Industries like life sciences, renewables and the space sector are to be the focus of a new programme aiming to attract a more skilled workforce to Scotland.
As part of a priority action from the Scottish Government to meet skills gaps, the Industry Advisory Group for rUK Talent Attraction will help to inform the programme to recruit and retain workers from the rest of the UK.
The move also supports a commitment from the Programme for Government to develop a talent attraction and migration service, which will seek to bring in skilled workers and assist them in making Scotland their home.
Business minister Ivan McKee, who chaired the group’s first meeting, said the country needs to attract more people of a working age in order to meet the needs of key sectors, raise competitiveness and ensure Scotland’s workforce is a positive factor when it comes to inward investment.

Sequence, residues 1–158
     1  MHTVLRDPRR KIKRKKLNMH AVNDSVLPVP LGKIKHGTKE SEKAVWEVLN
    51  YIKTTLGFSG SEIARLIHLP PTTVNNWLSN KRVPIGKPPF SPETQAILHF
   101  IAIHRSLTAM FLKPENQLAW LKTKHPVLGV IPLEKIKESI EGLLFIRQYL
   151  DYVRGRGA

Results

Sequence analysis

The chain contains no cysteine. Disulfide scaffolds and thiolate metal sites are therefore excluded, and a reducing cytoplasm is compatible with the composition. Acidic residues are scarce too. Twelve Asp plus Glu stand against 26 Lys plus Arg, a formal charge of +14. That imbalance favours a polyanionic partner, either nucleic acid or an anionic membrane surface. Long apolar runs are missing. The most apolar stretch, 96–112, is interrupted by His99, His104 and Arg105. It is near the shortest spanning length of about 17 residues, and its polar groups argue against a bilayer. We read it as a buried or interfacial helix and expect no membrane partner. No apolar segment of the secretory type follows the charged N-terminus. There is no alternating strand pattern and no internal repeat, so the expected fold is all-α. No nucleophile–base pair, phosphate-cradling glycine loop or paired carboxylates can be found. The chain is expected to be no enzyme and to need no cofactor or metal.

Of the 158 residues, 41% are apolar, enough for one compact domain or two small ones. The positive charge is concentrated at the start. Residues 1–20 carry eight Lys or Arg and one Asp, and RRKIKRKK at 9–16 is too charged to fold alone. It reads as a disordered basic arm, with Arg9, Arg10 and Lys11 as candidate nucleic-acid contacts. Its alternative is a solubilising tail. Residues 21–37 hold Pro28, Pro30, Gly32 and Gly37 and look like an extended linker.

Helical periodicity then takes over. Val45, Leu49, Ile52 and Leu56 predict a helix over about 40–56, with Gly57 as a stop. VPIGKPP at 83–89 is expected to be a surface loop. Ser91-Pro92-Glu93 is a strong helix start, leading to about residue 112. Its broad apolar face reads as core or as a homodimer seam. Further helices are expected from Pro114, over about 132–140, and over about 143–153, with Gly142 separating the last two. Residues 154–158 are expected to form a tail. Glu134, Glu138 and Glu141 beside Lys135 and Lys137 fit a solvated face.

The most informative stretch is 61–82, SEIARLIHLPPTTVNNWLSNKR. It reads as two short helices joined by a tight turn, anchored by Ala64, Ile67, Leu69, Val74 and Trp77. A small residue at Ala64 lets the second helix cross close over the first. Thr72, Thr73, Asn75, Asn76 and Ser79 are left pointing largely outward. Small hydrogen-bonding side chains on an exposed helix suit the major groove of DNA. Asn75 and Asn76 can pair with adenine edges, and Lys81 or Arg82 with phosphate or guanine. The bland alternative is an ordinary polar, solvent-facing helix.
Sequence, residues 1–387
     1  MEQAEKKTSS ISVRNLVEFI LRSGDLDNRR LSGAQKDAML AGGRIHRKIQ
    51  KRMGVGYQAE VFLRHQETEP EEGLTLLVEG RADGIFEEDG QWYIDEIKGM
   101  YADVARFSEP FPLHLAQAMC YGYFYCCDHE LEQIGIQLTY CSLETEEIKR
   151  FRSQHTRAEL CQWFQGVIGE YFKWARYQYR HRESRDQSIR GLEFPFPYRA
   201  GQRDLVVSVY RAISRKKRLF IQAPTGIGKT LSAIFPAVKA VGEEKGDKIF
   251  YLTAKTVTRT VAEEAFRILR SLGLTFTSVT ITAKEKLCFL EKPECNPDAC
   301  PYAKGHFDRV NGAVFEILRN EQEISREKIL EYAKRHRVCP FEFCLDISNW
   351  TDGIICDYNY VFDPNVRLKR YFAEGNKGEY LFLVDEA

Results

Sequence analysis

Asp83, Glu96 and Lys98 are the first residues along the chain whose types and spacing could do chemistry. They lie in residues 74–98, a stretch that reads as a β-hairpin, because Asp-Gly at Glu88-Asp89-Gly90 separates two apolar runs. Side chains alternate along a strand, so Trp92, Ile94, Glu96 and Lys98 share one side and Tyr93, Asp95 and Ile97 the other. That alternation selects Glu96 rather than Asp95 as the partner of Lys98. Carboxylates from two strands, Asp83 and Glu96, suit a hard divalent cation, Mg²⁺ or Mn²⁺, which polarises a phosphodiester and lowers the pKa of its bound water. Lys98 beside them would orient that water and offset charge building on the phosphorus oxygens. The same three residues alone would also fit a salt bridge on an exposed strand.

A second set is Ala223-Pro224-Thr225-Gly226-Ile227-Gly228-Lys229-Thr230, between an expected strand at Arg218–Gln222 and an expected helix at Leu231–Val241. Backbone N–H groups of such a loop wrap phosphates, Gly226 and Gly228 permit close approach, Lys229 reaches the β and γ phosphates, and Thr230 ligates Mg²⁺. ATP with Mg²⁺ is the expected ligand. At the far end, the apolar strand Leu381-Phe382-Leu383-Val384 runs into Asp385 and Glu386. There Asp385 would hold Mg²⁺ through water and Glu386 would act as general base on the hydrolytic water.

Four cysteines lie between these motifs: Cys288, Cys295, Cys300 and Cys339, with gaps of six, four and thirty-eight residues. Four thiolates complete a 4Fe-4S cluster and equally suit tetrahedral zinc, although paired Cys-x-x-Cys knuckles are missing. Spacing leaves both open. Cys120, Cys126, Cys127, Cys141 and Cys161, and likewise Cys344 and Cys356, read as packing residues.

Mr McKee added: “This industry advisory group will explore how best to shape a talent attraction programme which can expand Scotland’s talent pool at all levels, to give employers the skills pipeline needed to take advantage of opportunities, and ultimately benefit our economy.
“To become a competitive career destination, Scotland must match the efforts of other countries with similar challenges and ensure that we offer a high quality service of co-ordinated support to attract and retain workers and their families.”
Gordon McGuinness, director of industry and enterprise at Skills Development Scotland (SDS), said: “An inclusive, resilient and skilled talent pool is central to Scotland meeting its economic ambitions and SDS is committed to working with businesses so they can develop the workforce required to drive innovation, entrepreneurial thinking and productivity.
“The needs of business must lie at the heart of this approach. This new group will make an important contribution to enhancing partnership working and creating a talent attraction programme that strengthens and complements the existing skills support available through SDS and its partners.”